Pfizer Inc's Polly Murphy on how creating a sustainable enterprise will allow them to make the biggest difference for patients,




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Video title: Pfizer Inc's Polly Murphy on how creating a sustainable enterprise will allow them to make the biggest difference for patients,
Released on: October 20, 2011. © PharmaTelevision Ltd
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In this episode of PharmaTelevision News Review, Fintan Walton talks to Polly Murphy, Vice President R&D Business Development or Pfizer Inc,
Changes in Pfizer's R&D innovation
Fintan Walton:
Hello and welcome to PharmaTelevision News Review here at BioPharm America in Boston, in September 2011. On this show I have Polly A. Murphy, who is Vice President of Worldwide R&D and Business Development at Pfizer , welcome to the show.
Polly A. Murphy:
Thank you.
Fintan Walton:
So Polly, obviously Pfizer is one of the largest pharmaceutical companies in the world like a lot of other companies that are large at the moment in pharmaceutical sector it's going changes and one of the noticeable changes that's taking place is the reduction in the amount of research and development going on closure as it sound which for an example moving research scientists around, even jobs been lost or gotten, so tell us what's actually going on with Pfizer? What's this change all about?
Polly A. Murphy:
So Pfizer believes that the right thing to do is to create a sustainable enterprise, it doesn't do anybody any good to not have a sustainable enterprise and that's where we end up in these constant cut cycles, so what Pfizer believe is trying to do is to really create the right sized R&D relative to the rest of the company so that we can be sustainable long into the future and the way we are doing that is by focusing and you know the ability to focus is actually a gift, because it allows you to do the things that can make the biggest difference for patients, so we've focused down on the disease areas that we believe we can have the most impact in creating innovating medicines that are differentiated and are great benefit to the people who need them.
Fintan Walton:
So these changes mean that obviously that there is a greater dependence on external research outside Pfizer?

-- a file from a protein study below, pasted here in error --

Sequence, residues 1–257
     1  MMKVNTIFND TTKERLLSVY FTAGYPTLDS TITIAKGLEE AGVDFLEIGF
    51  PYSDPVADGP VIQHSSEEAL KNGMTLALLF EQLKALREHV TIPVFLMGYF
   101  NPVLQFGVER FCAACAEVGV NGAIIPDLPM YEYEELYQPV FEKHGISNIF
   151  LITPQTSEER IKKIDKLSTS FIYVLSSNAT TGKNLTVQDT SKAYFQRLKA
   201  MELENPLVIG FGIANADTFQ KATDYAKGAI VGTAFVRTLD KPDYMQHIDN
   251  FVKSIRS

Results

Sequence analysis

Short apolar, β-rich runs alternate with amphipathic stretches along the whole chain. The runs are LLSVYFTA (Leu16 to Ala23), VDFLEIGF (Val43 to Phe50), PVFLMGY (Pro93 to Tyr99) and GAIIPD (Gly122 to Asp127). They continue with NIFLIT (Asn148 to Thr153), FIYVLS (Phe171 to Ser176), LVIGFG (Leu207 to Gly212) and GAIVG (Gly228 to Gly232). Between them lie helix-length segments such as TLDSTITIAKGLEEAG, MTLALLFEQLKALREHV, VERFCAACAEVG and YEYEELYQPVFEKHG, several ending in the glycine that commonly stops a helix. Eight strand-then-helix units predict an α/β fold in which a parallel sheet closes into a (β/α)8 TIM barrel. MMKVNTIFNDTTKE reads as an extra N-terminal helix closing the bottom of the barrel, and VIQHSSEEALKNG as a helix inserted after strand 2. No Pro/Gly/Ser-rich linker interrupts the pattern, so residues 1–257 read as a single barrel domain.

Polly A. Murphy:
So that's a component, I think what we're trying to do is focus so what we're seeing is it's critical that we have we are able to deliver medicines to people who need them in the area we believe we can have the most impact and we are really looking for areas where we believe we can create quite differentiated medicines that really solve problems that patients have and people have and so you know there were some needed cuts and some of those cuts are externalization particularly in some of the areas where we believe that we don't have any competitive advantage versus what someone on the outside could deliver and in those cases what working with outside party gives you is more flexibility in your business model as things ramp up or ramp down.
Fintan Walton:
So from a company out there a biotech company or specialty pharmaceutical company there is still a great interest in Pfizer I presume in setting up alliances?
Polly A. Murphy:
Yes, absolutely you know we remain very committed to alliances and we've actually you could argue doubled down in that since Mikael Dolsten came to lead R&D we've created a group that's called External R&D Innovation which is a group my group actually sits within business development but this is a group within R&D that is focused exclusively on searching and evaluating in the early stage space which at Pfizer what early stage means is through proof of concept demand so around that Phase IIA stage, so we have an entirely new group that's devoted just to finding alliances.
Fintan Walton: